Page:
Business

BA owner IAG sees strong profit rise

British Airways
Image caption International Airlines Group owns British Airways

IAG, the parent firm of British Airways and Spain's Iberia, has reported an increase in annual profits.

The company made a pre-tax profit of 503m euros(£425.6m; $677.8m) in the year to December 2011, after a profit of 84m euros the year before.

Revenue rose by 10% to 16.3bn euros, despite an increase in fuel costs of 29.7%.

The company said the improvement was against the backdrop of a particularly difficult year in 2010.

In 2010, it was affected by disruption from the Icelandic ash cloud, strikes and a weaker economic environment.

IAG's chief executive, Willie Walsh, said demand for its North Atlantic routes had remained strong.

The airline also said it had cut non-fuel costs by 5.6% last year and increased revenue per passenger by 3.6%.

Analyst Keith Bowman at Hargreaves Lansdown stockbrokers said IAG's results were encouraging.

"Revenues per passenger are up, whilst non-fuel related costs are down. Exposure to a recovering US economy is considerable, while outdated work practices at Iberia are being addressed.

"On the downside, fuel costs continue to take their toll, denting expected performance in the first half of 2012."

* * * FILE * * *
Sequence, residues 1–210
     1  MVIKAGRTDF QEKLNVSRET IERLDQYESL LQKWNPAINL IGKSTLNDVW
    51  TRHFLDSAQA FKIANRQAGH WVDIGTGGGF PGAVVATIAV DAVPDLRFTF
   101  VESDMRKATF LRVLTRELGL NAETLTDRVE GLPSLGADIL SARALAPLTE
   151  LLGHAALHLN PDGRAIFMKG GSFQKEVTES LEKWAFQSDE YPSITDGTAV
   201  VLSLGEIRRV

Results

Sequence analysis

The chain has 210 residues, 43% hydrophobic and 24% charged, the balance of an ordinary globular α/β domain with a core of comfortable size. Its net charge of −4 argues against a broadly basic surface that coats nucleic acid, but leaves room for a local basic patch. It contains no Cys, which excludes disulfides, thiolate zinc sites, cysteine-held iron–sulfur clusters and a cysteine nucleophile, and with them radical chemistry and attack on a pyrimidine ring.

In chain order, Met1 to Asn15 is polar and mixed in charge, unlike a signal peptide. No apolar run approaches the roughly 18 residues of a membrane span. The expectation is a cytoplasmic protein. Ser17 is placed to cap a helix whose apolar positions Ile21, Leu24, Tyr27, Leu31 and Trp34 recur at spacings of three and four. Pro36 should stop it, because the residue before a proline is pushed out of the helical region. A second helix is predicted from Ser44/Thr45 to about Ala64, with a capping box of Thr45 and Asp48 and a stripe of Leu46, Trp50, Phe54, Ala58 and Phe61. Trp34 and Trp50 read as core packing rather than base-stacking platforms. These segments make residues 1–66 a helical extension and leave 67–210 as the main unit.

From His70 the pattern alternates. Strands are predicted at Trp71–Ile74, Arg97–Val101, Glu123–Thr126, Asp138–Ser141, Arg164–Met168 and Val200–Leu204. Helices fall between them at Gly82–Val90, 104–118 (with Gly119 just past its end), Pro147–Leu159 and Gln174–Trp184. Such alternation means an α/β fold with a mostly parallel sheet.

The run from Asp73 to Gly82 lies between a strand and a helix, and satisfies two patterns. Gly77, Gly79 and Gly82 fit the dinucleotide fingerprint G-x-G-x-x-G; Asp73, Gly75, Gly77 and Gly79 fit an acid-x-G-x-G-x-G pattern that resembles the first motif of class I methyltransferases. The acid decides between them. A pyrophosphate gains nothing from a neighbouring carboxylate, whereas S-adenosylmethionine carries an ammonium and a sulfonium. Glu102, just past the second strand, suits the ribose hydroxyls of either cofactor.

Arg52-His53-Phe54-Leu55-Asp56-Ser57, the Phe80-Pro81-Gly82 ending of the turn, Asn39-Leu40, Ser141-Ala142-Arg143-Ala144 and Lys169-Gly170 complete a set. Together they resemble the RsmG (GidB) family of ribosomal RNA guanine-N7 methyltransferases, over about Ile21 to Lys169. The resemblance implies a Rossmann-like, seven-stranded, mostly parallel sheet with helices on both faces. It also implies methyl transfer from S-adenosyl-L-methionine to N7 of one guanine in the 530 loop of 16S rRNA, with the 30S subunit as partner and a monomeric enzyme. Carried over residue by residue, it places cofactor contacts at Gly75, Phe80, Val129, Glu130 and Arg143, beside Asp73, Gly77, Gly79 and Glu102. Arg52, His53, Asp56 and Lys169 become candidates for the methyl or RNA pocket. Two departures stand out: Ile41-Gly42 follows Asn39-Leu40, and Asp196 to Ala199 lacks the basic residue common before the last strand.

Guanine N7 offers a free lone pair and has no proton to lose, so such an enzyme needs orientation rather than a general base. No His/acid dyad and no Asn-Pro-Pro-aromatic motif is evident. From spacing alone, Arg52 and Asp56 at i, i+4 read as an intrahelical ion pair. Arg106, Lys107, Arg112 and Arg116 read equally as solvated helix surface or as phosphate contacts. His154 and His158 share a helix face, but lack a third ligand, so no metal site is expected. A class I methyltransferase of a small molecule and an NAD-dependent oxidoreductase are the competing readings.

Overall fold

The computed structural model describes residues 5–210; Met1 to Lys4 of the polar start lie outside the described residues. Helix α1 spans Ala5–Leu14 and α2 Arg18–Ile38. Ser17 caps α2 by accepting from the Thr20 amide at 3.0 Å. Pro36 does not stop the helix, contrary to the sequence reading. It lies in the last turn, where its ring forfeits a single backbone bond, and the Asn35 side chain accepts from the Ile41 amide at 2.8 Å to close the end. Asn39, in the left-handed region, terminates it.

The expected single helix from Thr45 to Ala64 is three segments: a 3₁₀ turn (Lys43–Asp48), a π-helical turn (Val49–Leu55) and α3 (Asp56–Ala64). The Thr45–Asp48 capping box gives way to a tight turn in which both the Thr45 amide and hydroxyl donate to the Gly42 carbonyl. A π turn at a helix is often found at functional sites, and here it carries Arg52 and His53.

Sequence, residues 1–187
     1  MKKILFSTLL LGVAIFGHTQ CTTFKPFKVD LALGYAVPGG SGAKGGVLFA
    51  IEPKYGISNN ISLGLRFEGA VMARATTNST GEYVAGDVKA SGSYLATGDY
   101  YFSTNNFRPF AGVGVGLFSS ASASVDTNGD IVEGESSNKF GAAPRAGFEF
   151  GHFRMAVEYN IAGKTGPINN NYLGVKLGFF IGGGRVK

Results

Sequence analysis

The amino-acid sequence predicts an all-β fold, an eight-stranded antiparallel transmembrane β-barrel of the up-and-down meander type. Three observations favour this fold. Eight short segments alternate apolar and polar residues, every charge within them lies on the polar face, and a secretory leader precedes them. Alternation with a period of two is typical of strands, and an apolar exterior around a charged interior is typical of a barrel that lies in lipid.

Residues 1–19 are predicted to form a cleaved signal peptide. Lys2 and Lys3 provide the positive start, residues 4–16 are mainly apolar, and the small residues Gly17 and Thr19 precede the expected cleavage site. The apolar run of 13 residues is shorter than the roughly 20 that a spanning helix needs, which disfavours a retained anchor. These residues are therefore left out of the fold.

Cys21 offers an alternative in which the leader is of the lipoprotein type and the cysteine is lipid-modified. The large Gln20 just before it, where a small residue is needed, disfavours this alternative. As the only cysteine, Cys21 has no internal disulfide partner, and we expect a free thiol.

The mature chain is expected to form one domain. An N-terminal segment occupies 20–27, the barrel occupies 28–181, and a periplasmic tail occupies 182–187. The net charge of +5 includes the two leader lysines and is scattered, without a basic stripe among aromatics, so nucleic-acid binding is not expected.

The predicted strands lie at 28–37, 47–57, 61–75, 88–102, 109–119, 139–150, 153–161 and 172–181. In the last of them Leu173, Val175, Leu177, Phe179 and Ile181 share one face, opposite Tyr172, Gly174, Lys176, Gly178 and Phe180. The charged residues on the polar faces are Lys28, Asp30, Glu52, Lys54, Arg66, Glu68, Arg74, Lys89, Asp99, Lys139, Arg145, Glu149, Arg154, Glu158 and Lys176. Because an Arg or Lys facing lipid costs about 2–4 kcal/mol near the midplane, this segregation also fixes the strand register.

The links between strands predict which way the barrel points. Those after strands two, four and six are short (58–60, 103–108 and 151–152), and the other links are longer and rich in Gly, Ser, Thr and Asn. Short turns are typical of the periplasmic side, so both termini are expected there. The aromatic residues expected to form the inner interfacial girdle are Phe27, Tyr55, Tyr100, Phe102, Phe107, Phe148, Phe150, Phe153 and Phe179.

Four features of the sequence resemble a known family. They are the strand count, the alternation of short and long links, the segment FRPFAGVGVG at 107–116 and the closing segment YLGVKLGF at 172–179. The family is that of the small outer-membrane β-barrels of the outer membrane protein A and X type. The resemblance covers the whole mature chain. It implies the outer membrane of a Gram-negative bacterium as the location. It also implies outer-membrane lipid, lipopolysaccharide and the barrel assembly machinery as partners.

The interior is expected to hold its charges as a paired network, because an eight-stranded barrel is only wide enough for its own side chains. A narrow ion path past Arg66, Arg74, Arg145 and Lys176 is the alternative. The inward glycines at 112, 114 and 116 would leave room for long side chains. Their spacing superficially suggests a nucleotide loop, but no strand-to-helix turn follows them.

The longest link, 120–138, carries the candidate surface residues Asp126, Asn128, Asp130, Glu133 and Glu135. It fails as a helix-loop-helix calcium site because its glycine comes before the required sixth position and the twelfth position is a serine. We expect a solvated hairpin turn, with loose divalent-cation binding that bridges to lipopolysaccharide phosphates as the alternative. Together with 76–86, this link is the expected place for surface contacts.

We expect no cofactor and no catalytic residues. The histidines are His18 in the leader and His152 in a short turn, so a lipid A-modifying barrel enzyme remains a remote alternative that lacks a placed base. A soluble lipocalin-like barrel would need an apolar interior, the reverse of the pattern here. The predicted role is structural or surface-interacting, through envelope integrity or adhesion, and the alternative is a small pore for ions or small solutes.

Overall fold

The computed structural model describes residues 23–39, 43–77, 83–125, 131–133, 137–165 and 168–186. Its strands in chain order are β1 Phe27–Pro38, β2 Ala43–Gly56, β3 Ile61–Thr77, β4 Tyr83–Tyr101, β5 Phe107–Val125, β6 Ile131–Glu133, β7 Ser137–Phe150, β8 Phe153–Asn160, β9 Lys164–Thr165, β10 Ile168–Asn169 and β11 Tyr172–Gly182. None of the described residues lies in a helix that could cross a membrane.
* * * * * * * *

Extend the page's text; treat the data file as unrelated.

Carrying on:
Duty 'destroying jobs'

IAG warned that this summer's Olympics in London could depress business from the UK, noting that past experience in other host cities suggested that demand could be dampened during the games.

However, the carrier said the event would be "positive for the long-term position of London as a global destination".

IAG continued its criticism of Air Passenger Duty (APD), which is applied to almost every ticket on a flight originating in the UK.

The company said British Airways had paid almost £500m in APD last year, and said that, as a result of the increase to APD due in April, it was reducing by about half the number of new jobs it would create this year.

Willie Walsh told the BBC that government should cut the duty for the good of the economy.

"The impact of these very high taxes - the highest in the world - is very negative on the UK economy and is destroying jobs," he said.

"So a government that claims to have a growth agenda, that has individual policies then that are undermining the security of jobs and destroying jobs and destroying the opportunity to create jobs really does need to assess these issues."

IAG is planning to expand by buying the BMI airline from Germany's Lufthansa, something that would allow it to boost its services from London's Heathrow airport.

However, the deal - which has been strongly opposed by rival carrier Virgin - still needs the approval of regulators.

The company said it was hopeful this would be forthcoming.

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